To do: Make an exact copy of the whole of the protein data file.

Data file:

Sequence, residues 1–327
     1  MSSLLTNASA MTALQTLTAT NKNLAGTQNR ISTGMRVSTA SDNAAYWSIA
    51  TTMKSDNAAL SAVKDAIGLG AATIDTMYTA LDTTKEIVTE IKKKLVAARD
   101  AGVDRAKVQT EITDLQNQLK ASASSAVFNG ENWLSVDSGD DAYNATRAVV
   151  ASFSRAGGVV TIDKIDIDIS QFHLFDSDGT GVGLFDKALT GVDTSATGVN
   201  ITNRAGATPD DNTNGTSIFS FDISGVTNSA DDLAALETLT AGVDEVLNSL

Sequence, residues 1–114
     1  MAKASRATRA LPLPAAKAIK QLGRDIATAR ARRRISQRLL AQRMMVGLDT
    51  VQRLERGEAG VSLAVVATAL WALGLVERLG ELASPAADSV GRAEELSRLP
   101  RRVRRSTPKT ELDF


Sequence, residues 1–327
     1  MSSLLTNASA MTALQTLTAT NKNLAGTQNR ISTGMRVSTA SDNAAYWSIA
    51  TTMKSDNAAL SAVKDAIGLG AATIDTMYTA LDTTKEIVTE IKKKLVAARD
   101  AGVDRAKVQT EITDLQNQLK ASASSAVFNG ENWLSVDSGD DAYNATRAVV
   151  ASFSRAGGVV TIDKIDIDIS QFHLFDSDGT GVGLFDKALT GVDTSATGVN
   201  ITNRAGATPD DNTNGTSIFS FDISGVTNSA DDLAALETLT AGVDEVLNSL

Sequence, residues 1–114
     1  MAKASRATRA LPLPAAKAIK QLGRDIATAR ARRRISQRLL AQRMMVGLDT
    51  VQRLERGEAG VSLAVVATAL WALGLVERLG ELASPAADSV GRAEELSRLP
   101  RRVRRSTPKT ELDF